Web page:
Be #ShareAware With The NSPCC


The NSPCC are helping parents become 'Share Aware' by providing them with all the information they need to keep their children aged between 8 and 12 safe online.

keep your children safe online
For parents who are going through a divorce, it's even more important to stick together for the safety of your child.

Sexual, Violent or Inappropriate Content

More and more children are signing up to social networking sites, despite most of them having an age limit. Parents may be aware of their child using these sites without their permission or underage, but find it hard to monitor what their child may be exposed to. If you're aware of a child using such sites, it's often difficult to control what content they see.

The NSPCC worked with more than 500 parents from Mumsnet to review 48 social networking sites. Sexual, violent or inappropriate content was found on at least 3 quarters of the sites, and more than 40% of the parents surveyed found it difficult to find privacy, reporting, and safety information.

Children were also asked about their views on social networking and expressed that they believed the minimum sign up age limit on most sites should be raised, even though they had used these sites themselves when they were underage.

In a bid to put parents and children together in the driving seat, Share Aware's sister site Net Aware allows parents to search for a social media platform and receive ratings on signing up, reporting, privacy settings, and safety advice provided by the websites.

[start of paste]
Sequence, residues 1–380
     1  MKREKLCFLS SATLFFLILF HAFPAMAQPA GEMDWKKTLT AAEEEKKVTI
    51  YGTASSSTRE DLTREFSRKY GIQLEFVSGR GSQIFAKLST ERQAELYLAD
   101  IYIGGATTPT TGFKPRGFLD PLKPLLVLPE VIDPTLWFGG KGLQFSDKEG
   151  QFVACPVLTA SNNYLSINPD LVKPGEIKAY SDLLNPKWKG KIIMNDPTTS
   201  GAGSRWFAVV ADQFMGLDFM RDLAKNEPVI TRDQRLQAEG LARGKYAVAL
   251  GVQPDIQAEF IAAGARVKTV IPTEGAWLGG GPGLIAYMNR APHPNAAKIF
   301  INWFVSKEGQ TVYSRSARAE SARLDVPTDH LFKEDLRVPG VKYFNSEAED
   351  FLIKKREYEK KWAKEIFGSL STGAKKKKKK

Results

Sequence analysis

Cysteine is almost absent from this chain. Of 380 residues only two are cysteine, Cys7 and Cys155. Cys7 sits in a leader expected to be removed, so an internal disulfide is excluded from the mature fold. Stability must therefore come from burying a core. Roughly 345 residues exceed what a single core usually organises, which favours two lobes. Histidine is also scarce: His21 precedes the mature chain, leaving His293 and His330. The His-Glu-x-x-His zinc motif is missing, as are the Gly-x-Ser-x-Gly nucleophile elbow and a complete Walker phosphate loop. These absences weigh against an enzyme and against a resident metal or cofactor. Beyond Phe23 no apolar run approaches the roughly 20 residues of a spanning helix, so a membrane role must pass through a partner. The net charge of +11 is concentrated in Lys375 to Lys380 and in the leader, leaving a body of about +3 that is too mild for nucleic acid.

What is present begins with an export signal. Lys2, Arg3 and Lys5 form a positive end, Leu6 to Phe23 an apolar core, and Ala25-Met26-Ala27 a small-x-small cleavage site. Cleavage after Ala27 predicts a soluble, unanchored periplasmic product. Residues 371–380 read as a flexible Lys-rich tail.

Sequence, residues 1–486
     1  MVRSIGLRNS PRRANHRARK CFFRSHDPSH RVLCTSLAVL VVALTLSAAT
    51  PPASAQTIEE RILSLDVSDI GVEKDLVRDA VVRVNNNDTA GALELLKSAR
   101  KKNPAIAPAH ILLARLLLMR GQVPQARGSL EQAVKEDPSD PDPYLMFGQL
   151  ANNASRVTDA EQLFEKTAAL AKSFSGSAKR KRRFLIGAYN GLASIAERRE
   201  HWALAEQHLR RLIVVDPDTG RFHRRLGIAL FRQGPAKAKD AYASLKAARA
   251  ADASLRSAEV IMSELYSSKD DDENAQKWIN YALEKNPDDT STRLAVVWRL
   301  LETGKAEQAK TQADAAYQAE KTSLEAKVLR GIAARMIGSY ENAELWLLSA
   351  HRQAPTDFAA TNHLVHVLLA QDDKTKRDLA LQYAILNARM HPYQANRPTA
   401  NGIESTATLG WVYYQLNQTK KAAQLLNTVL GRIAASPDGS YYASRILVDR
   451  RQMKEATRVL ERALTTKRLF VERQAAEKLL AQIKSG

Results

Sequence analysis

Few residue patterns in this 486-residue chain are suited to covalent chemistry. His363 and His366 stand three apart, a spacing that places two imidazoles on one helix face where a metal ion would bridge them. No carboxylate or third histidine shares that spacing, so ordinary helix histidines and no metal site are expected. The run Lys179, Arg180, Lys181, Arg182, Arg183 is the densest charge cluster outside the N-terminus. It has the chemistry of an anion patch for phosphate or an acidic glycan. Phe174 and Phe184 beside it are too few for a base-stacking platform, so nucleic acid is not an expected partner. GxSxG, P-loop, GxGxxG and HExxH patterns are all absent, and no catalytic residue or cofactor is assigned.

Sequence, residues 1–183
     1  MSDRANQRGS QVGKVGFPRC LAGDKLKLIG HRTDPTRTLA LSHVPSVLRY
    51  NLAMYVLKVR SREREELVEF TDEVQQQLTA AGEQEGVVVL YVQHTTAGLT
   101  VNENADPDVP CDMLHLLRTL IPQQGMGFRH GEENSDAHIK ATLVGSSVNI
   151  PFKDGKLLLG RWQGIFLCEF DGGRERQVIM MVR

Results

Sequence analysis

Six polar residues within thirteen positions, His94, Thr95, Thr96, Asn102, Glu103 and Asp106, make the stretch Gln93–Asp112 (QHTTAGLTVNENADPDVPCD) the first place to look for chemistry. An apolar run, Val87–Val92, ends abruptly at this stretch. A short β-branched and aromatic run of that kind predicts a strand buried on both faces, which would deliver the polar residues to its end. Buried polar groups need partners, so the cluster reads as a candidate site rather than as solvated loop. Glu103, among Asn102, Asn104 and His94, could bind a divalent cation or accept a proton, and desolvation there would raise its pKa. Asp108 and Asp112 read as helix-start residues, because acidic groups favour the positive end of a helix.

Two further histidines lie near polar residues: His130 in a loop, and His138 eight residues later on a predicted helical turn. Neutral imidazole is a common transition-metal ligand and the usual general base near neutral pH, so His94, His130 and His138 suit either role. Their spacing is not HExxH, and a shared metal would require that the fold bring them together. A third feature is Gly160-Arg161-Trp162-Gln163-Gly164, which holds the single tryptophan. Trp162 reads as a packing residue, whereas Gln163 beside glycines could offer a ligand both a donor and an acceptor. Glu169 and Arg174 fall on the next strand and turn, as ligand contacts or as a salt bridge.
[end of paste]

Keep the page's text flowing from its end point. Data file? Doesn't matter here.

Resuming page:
It then asks what the 'right age' is for this site giving the opinion of the website, the NSPCC panel, children and parents followed by in depth ratings as to the content of a website.

Parents Working Together

Tools like this can be very useful for parents who may be separated but still want to parent 'as a team' when it comes to sensitive issues such as online abuse or 'trolling'.

During a divorce, children may start to feel isolated from their parents. Constant arguments and negative feelings may push them to go online to find solutions to their problems. During this time especially, parents should endeavour to work together. You may be distracted when it comes to keeping an eye on your child, but others who wish to do them harm or lead them astray may not be.

Both parents should be aware of the dangers of social networks and how to discuss them with their child. Taking the hostility and bitterness out of a split to concentrate on the real issues at hand can help immensely with this.

Join the Share Aware campaign by using the hashtag, #ShareAware on Twitter and Facebook to show your support. You can also go to the NSPCC website for more information on specific social media sites and how to bring the topic up with your children.

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